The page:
Extreme drought is likely in store in the coming decades for parts of the United States and the broader Western Hemisphere, scientists said today (Oct. 19), cautioning that we should expect dry conditions unlike anything seen in modern times.
The likely culprit: warming temperatures linked to climate change.
"We are facing the possibility of widespread drought in the coming decades, but this has yet to be fully recognized by both the public and the climate change research community," said National Center for Atmospheric Research (NCAR) scientist and study team member Aiguo Dai. "If the projections in this study come even close to being realized, the consequences for society worldwide will be enormous."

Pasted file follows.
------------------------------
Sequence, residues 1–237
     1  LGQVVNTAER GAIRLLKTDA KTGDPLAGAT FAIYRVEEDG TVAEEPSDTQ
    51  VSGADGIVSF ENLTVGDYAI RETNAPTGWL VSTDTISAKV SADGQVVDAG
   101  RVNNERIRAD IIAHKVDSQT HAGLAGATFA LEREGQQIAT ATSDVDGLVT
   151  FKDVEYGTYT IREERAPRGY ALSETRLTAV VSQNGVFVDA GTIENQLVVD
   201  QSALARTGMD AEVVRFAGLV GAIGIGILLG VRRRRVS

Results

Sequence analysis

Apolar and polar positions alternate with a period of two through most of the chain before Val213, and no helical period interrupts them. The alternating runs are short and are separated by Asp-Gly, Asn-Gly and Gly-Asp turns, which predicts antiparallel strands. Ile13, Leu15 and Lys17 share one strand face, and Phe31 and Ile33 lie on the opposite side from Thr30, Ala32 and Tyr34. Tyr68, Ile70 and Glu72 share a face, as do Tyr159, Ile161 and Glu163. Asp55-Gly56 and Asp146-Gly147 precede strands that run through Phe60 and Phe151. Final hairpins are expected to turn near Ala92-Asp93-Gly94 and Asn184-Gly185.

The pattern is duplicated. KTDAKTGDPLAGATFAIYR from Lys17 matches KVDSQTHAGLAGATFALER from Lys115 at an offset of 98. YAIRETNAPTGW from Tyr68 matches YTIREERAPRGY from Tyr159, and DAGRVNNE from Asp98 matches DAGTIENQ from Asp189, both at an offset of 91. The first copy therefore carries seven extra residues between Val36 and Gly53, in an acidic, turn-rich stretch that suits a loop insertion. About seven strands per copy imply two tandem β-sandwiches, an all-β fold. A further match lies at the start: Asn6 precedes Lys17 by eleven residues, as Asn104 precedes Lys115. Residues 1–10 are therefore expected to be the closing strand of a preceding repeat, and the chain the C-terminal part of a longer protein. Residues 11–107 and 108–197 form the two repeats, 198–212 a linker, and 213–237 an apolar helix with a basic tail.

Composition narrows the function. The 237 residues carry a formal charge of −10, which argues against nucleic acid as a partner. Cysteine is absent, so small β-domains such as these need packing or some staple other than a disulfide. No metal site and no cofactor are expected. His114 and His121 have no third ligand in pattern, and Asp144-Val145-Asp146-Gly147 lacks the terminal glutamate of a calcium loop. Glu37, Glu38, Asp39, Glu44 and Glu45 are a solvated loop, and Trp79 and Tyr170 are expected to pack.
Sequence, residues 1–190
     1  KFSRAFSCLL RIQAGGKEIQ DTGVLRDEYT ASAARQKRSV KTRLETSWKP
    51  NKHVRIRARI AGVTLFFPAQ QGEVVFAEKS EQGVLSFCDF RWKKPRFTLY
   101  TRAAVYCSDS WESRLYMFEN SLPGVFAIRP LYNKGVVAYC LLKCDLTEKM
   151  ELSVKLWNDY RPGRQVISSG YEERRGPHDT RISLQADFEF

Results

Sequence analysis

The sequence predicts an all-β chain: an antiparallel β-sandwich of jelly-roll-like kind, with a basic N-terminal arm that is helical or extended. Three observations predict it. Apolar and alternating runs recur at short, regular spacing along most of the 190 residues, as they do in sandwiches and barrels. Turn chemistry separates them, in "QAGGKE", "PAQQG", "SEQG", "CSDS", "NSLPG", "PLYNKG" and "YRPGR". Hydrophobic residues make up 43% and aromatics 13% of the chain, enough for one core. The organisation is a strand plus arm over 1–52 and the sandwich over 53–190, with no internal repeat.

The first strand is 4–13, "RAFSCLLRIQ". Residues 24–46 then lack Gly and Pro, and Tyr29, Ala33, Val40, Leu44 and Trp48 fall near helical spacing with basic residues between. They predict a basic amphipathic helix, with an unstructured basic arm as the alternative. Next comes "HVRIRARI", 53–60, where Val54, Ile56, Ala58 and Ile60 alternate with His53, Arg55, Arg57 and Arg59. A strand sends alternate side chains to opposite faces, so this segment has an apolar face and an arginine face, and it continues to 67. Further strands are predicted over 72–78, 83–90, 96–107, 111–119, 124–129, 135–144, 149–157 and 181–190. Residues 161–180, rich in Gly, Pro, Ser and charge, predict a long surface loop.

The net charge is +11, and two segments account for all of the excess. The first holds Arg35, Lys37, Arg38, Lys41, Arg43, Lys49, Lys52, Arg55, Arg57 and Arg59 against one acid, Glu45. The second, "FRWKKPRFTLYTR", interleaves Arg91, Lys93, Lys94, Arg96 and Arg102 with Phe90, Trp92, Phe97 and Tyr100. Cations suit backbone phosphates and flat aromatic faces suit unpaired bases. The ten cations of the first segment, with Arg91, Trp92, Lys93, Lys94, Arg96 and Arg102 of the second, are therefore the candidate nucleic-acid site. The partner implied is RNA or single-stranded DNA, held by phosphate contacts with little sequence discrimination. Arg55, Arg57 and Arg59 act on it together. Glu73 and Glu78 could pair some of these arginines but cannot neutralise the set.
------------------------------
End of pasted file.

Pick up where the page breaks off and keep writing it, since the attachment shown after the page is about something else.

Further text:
Droughts can be associated with significantly reduced precipitation, dry soils that fail to sustain crops, and reduced levels in reservoirs and other bodies of water that can imperil drinking supplies.
However, Dai cautioned that the findings are based on the best current projections of greenhouse gas emissions. What actually happens in coming decades will depend on many factors, including actual future emissions of greenhouse gases as well as natural climate cycles such as El Niño.
Thursday, October 21, 2010
Extreme drought ahead for US.